US worried over rising extremism, intolerance in Pakistan
Washington, Sep 14 - The US has designated eight nations as Countries of Particular Concern for "particularly severe violations of religious freedom", but spared ally Pakistan even as it expressed concern about increasing extremism and intolerance there.
"In Pakistan, the government has not reformed a blasphemy law that has been used to prosecute religious minorities and, in some cases, Muslims who promote tolerance or to settle personal vendettas," a US official acknowledged Tuesday, briefing reporters on a new report on International Religious Freedom.
"This year, there have also been several assassinations of those who called for reform of the blasphemy laws, including the Punjab Governor Salman Taseer and Shahbaz Bhatti, the minister for minorities," noted Assistant Secretary, Bureau of Democracy, Human Rights, and Labour Michael Posner.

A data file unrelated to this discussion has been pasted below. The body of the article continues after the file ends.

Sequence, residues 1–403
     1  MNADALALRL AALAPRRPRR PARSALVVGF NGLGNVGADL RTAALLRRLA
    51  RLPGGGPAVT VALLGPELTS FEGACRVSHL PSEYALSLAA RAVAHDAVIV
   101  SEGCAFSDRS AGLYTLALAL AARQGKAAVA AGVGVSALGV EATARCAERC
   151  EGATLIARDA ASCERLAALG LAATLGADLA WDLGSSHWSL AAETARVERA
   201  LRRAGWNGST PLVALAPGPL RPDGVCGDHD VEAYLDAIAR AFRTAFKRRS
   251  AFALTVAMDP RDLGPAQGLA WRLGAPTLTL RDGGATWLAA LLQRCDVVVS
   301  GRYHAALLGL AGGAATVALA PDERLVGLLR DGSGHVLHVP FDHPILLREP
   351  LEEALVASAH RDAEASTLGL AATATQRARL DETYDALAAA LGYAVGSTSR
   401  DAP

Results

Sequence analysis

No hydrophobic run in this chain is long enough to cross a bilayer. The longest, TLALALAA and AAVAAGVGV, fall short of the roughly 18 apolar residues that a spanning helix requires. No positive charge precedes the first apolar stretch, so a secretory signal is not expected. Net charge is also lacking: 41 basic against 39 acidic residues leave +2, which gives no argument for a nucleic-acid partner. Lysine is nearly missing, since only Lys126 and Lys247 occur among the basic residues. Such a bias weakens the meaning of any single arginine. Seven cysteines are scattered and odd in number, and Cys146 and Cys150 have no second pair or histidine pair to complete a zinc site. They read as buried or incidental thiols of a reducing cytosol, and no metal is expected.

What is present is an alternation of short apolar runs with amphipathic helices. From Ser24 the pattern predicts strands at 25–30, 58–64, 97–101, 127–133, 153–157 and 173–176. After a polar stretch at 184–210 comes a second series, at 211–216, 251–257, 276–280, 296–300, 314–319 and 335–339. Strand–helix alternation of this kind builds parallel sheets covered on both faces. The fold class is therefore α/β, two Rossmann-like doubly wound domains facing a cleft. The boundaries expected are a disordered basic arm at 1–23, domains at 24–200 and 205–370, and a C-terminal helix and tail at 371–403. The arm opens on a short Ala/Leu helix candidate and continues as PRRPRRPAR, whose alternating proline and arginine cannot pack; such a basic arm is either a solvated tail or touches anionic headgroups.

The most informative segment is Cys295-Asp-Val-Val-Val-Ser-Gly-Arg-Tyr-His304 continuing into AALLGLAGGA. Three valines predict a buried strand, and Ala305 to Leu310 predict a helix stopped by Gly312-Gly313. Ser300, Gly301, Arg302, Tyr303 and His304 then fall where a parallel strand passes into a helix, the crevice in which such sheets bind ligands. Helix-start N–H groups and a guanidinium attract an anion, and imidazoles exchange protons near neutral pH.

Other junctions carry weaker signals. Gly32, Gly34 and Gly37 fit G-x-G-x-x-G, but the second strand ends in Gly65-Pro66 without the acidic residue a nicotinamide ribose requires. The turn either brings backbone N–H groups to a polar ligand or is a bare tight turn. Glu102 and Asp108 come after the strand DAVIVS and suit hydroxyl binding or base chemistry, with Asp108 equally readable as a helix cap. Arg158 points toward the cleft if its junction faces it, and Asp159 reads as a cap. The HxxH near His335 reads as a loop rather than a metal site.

But Islamabad has taken steps to address these rising concerns, he said, and "we will continue to engage with the government of Pakistan to address these issues, to promote tolerance, and to improve religious freedom".
"The increasing extremism in that society, I think, is worrying to everybody," Posner said. "I think the message here is we have great concern about the overall situation of extremism and intolerance in Pakistan, and we stand ready to work with the government to try to address that."
On the basis of the Congressionally mandated report, Secretary of State Hillary Clinton has designated Myanmar, China, Eritrea, Iran, North Korea, Saudi Arabia, Sudan and Uzbekistan as "all of these countries have been long-term, chronic, and egregious violators of religious freedom", Posner said.
In China, the government's overall level of respect for religious freedom declined in 2010 and has worsened this year. The repression of Tibetan Buddhists and Uighur Muslims continues, he said. (IANS)
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